The Curators of Dixon School is a 2012 documentary directed, co-produced, and written by Pamela Sherrod Anderson about the art collection at Arthur Dixon Elementary School in Chatham, Chicago.[1]

The documentary highlights the school's over 200-piece art collection,[2] which has African-American themes.[1] The film also discusses former principal Joan Dameron Crisler, who established the program. The end credits discuss the impact of budget cuts from the Chicago Public Schools on the art program.[3]

Anderson stated that the impetus to make the documentary began when, at a dinner party, an author of a book about African-American art suggested that she visit the school.[1]

It was screened at the Gene Siskel Film Center in Chicago on November 29, 2012.[4]

Halie Sekoff of the Huffington Post stated "The film is sure to spark a dialogue about the place of “Dixon-models” in the United States, a conversation Anderson and her co-producers are eager to ignite."[2]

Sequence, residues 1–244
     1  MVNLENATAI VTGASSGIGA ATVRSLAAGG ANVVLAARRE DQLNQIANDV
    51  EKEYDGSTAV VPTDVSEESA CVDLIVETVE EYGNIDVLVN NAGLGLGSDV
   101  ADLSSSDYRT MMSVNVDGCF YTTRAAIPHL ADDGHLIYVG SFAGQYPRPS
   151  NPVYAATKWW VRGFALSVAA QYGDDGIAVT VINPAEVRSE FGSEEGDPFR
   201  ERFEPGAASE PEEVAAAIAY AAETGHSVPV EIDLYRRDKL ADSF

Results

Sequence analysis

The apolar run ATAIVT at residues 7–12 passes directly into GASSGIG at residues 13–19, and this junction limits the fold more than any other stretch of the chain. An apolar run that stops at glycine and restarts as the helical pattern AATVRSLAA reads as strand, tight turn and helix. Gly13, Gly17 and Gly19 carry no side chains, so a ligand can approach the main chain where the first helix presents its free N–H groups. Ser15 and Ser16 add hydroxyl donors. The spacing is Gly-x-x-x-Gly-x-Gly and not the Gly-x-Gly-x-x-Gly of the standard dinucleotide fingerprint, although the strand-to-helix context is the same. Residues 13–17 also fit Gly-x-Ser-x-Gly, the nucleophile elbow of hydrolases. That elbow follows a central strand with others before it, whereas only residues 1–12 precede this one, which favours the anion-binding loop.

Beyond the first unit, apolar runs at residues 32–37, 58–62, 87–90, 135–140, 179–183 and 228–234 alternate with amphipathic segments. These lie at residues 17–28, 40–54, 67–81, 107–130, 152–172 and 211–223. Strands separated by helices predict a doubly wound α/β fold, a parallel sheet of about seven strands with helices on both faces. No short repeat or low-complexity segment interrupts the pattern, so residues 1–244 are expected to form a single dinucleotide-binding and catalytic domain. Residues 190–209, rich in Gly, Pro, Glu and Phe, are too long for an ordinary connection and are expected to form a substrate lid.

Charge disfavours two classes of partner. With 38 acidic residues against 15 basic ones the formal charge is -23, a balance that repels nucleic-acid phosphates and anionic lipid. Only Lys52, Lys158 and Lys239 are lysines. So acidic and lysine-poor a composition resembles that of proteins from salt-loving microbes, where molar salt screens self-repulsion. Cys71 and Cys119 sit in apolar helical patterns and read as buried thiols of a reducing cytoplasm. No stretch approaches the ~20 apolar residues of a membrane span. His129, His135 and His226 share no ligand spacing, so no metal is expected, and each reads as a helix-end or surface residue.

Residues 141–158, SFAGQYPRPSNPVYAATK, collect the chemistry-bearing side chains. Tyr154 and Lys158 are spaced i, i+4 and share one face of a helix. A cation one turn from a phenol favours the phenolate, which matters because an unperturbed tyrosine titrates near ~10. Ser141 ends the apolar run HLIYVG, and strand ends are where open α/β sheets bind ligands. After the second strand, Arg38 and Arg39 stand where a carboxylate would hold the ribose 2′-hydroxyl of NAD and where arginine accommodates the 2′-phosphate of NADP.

1. ^ a b c "An Inner-City School With Gallery-Like Halls". NPR. 2012-08-14. Retrieved 2018-05-20.
  2. ^ a b Sekoff, Halie (2012-08-16). "'The Curators Of Dixon School': Pamela Sherrod Anderson's Documentary Of Innovative Chicago Public School (PHOTOS, INTERVIEW)". Huffington Post. Retrieved 2018-05-20.
  3. ^ Jones, J.R. "The Curators of Dixon School". Chicago Reader. Retrieved 2018-05-20.
  4. ^ "New Film Looks At Art's Influence On Dixon Elementary School Students". CBS Chicago. 2012-11-15. Retrieved 2018-05-20.